Delusions of Granduer: A President and His Honorary Deceit by Momoh Idoko Adejoh

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‘An idiosyncratic belief or impression that is not in
accordance with a generally accepted reality’ is how
Oxford dictionary defines delusion. Grandeur’ is
simply ‘social importance’, even if affected.
So, is it safe to say that when somebody accepts an
obviously bogus recognition such as one of Time
magazines 100 most influential people on Earth,
and allows the media – both international and
national report on it widely, that person is
delusional?
After all, according to Time magazine, to get a place
on their list, you have to inspire, entertain,
challenge or change the world positively in some
way. As a Nigerian, I have tried with little success to
rationalize how President Jonathan has inspired,
entertained, challenged or changed Nigeria
positively.
On second thoughts, I remember the time he
inspired us with his ‘I HAD NO SHOES’ speech, but
that was as far as he went. Now his histrionics
inspires the fanatics among us to blow up churches,
schools, homes in the name of religion; he inspires
the corrupt to eschew whatever sense of right or
wrong they have to loot the treasury.
On challenging Nigerians, with the recent Youth
Enterprise With Innovation In Nigeria (YouWin)
program, President Jonathan challenged Nigeria’s
20 million unemployed youth to embrace their inner
entrepreneurships. A select few wrote business
plans and were doled varying sums of money as
startup capital for businesses. But for the majority
of the unemployed population, all he does is
challenge them to aspire towards positions where
they would have access to institutions that enable
them fraudulently amass wealth.
Is it also correct to say a man is delusional when he
listens to, delights and believes in the poetic
shower of praises that was President Jonathan’s
citation for the same award written by Liberia’s
President Johnson Sir Leaf, when clearly his records,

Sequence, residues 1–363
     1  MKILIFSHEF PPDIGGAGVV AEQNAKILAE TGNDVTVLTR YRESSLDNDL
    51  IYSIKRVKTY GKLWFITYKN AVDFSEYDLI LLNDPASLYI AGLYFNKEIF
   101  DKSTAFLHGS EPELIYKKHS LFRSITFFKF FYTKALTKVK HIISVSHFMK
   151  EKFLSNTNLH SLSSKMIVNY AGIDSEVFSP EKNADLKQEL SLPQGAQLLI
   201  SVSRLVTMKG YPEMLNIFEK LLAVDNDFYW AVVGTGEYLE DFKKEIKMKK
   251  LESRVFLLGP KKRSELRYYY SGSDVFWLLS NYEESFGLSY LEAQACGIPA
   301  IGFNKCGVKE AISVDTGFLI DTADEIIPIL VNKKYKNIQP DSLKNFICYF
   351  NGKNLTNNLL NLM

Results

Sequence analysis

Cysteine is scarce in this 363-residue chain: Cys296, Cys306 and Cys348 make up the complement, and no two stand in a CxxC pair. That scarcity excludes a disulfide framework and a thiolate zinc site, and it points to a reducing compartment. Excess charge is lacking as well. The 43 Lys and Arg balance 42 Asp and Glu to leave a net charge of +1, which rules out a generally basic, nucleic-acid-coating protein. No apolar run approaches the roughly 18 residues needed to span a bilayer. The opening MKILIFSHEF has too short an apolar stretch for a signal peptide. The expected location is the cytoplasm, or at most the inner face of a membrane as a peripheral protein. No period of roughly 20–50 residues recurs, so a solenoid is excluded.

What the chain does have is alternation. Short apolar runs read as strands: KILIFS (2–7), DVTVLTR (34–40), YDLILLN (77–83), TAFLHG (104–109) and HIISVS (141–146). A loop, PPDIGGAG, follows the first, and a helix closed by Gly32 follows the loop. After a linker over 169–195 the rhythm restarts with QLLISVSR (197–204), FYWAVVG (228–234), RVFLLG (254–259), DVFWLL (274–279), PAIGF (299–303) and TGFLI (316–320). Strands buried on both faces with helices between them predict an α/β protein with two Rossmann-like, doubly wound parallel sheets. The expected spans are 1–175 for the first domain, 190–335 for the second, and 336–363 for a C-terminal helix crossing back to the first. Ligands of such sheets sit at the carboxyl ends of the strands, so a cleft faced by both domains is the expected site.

as can be verified by speaking to any conscious
Nigerian clearly contradicts the citation?
Find Excerpts below:
President Jonathan, 54, possesses the qualities
needed at this moment of great challenges, having
come to power at a crucial moment in the history of
Nigeria. The country has grown out of its past of
corruption, mismanagement and brutality, but the
foundation of good governance is still fragile. In two
short years, President Jonathan has shown the same
dexterity he demonstrated as governor of Bayelsa
State, the same ability to find the remedies to the
many complexities of running a nascent democracy.
With leaders like President Jonathan, Africa is sure
to move toward prosperity, freedom and dignity for
all its people
When a Justice Minister in an interview with a
national newspaper says ‘FG has no intention of
persecuting oil thieves, the fuel subsidy probe
report was just a fact finding mission’, one has to
wonder how fraudulent the system is, and how a
government that widely proclaims an anti
corruption crusade, would not act on the findings of
a report that lists a cabal of oil companies, and
accuses them of defrauding the Nigerian
government of N1.7 trillion. This figure amounts to
36.17% of Nigeria’s 2012 budget, only N2 billion
less than the total derivation of N1.9 trillion that the
19 Northern states shared between 1999-2008, and
the exact amount of derivation paid to the 6 South
South states in the same 9 year period.
On security, Nigeria has never had it worse. Most
Nigerians lives in paranoia, knowing that you may
go to church, pass by a media house, be driving
home at night and get flagged down and shot by
police men.
Nigeria’s international reputation as an African
peacekeeper has been lost as well. In January this
year, the government of Sudan protested to the UN
Security Council over what it considered ‘the
deliberate re-arming of rebel groups in Darfur by
Nigerian troops’.
As regards dignity for the Nigerian people, when I
first read President SirLeaf’s citation, I wondered,
‘How is it that the disconnect between our leaders
and us has widened so much?’ Every observer of
Nigeria via the media alone would know that dignity
for its people is not a Nigerian priority: neither
President Jonathan nor his government is renowned
for its human rights records.
There were cases of killings during the fuel subsidy
removal protests. As we speak, no one has been
prosecuted. Political assassinations thrive amidst
the silence of security forces; rape videos are often
uploaded onto You Tube or mobile phones without
fear of arrest or prosecution. By every measure, life
in Nigeria has never been as brutish, government
has never been as uncaring, and the president has
never as powerless to help.
So, just what influence is this man supposed to
have? Deluded or just plain daft? You decide.

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